The good news is that Governor Rauner's budget proposal is not set in stone. The General Assembly is currently developing its own set of budget recommendations - and it is critical that they hear directly from people impacted by their decisions.
What can you do?
- - Join us for Advocacy Day: Spend April 29th in Springfield, sharing with elected officials why it's critical for the state to have adequate revenue, and a budget that doesn't unfairly impact children, families and vulnerable residents
- - Tweet about your work using the hashtags #communityschools, #twill, #nocuts, #teenREACH.
- - Schedule a site visit when elected officials are on break - meet them in their offices, or invite them to visit your schools. This site visit toolkit will show you how!
On February 9th nearly 50 community school professionals gathered to learn strategies for laying a solid community school foundation that supports long-term success and sustainability.
If you were able to join us, please don't forget to complete this brief evaluation. Your feedback helps us continually refine and improve our workshops.
Those who were unable to attend can read more below to find some of the tools and resources that were shared.
- - Learn more about the Community Schools Initiative at CPS, including information about the Implementation and Sustainability Process Strategy (ISPS).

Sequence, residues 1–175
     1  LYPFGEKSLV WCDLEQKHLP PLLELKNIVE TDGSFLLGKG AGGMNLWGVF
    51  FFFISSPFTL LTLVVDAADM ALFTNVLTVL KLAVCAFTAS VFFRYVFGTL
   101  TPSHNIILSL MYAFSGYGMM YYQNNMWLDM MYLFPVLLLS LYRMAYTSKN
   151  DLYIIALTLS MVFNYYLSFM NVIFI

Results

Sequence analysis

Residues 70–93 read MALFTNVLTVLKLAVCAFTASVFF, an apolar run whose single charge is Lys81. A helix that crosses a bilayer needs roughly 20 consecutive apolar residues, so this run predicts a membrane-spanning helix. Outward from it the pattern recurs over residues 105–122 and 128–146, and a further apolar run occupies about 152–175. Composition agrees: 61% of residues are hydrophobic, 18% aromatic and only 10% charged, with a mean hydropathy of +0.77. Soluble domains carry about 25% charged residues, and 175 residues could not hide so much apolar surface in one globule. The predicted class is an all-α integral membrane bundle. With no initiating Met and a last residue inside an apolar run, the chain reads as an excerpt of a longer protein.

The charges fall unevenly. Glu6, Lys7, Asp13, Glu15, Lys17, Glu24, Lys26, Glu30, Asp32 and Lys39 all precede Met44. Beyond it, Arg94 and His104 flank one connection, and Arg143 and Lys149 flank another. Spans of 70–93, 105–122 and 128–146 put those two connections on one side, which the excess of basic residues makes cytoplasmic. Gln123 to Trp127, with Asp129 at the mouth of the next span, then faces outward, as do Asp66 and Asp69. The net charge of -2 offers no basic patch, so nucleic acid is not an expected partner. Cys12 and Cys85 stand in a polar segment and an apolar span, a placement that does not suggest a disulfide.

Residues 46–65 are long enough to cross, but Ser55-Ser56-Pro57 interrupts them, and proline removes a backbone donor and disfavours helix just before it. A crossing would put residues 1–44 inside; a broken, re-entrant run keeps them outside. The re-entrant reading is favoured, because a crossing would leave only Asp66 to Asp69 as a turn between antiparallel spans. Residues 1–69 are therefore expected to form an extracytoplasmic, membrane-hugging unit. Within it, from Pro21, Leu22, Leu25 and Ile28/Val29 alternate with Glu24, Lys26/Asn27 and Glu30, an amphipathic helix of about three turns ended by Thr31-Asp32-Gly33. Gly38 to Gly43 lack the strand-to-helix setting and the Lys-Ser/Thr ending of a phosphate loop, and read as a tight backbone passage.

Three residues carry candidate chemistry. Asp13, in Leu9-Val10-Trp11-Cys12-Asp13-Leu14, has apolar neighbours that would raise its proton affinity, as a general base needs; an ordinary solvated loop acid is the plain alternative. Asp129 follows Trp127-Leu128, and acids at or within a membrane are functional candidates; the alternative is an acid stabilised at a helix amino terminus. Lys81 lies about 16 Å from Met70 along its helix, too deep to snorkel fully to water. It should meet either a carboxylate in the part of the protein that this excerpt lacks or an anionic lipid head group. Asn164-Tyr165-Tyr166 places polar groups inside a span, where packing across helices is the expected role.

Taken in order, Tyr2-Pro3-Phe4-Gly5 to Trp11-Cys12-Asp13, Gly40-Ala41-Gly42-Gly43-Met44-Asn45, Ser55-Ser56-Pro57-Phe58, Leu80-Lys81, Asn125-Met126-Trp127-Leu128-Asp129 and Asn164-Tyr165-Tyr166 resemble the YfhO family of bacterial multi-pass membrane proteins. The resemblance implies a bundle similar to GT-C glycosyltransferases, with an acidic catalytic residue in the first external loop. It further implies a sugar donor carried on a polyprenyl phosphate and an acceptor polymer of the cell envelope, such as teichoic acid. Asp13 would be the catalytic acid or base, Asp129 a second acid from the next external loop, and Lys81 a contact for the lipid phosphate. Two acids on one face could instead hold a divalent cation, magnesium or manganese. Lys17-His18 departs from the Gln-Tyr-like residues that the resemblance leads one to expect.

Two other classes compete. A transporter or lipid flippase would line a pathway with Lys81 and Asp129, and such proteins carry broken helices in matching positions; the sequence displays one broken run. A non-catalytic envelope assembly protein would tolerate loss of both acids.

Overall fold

- - CPS created this sample Program Registration Form (available in Spanish, as well) that can be used or adapted for your community school programs.
- - Become a member of the Federation for Community Schools to learn more about our events, including our upcoming Building Community through Twitter training series and to access our tools and resources like the advisory board development tools that were discussed.
- - The national Coalition for Community Schools also has many tools and resources that might be helpful in your work. This also where Resource Coordinators can sign-up for the RC Network to connect, learn from, and share ideas with RCs from around the country.
- - If you're particularly interested in parent engagement, consider attending the National Family and Community Engagement conference which will be held in Chicago this June.
On January 15 the Federation partnered with Dr. Barbara Radner from the Polk Bros. Foundation Center for Urban Education at DePaul University to offer the PARCC Preview for Community Schools and Partner Organization. This orientation to PARCC provided partner organizations with an understanding of PARCC and how they can support student achievement on this new standardized assessment.
On November 14, 2014 we held our 10th Annual Community Schools Forum, Harnessing the Power of Partnership to Promote Equity through Community Schools. This year's event brought together nearly 300 community school practitioners - from California, Illinois, Indiana, Iowa, Michigan, and Wisconsin - who came to learn from each other and from experts in their fields about the ways community schools can and should be equity drivers. Through 30 workshops, a plenary panel, recognition of outstanding community school leaders and opportunities to participate in advocacy efforts, including demonstrating support for community schools on social media, we worked together to enhance and strengthen our collective community school efforts. Thank you to all of our presenters, planners, and supporters for helping to make the day so successful!